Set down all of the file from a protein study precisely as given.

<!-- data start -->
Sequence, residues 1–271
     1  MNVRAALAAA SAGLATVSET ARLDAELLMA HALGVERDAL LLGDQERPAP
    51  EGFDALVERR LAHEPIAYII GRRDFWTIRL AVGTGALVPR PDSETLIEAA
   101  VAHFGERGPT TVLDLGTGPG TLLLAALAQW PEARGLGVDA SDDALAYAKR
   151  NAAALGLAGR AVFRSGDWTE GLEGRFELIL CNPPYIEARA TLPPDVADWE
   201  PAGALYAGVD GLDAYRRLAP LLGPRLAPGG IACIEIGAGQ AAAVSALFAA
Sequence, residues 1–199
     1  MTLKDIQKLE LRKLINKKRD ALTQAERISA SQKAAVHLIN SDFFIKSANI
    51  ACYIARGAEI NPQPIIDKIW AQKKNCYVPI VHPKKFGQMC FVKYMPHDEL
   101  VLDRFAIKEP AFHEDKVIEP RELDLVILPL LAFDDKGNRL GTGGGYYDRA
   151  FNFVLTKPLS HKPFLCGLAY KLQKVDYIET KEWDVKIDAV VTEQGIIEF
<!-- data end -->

Sequence, residues 1–271
     1  MNVRAALAAA SAGLATVSET ARLDAELLMA HALGVERDAL LLGDQERPAP
    51  EGFDALVERR LAHEPIAYII GRRDFWTIRL AVGTGALVPR PDSETLIEAA
   101  VAHFGERGPT TVLDLGTGPG TLLLAALAQW PEARGLGVDA SDDALAYAKR
   151  NAAALGLAGR AVFRSGDWTE GLEGRFELIL CNPPYIEARA TLPPDVADWE
   201  PAGALYAGVD GLDAYRRLAP LLGPRLAPGG IACIEIGAGQ AAAVSALFAA
Sequence, residues 1–199
     1  MTLKDIQKLE LRKLINKKRD ALTQAERISA SQKAAVHLIN SDFFIKSANI
    51  ACYIARGAEI NPQPIIDKIW AQKKNCYVPI VHPKKFGQMC FVKYMPHDEL
   101  VLDRFAIKEP AFHEDKVIEP RELDLVILPL LAFDDKGNRL GTGGGYYDRA
   151  FNFVLTKPLS HKPFLCGLAY KLQKVDYIET KEWDVKIDAV VTEQGIIEF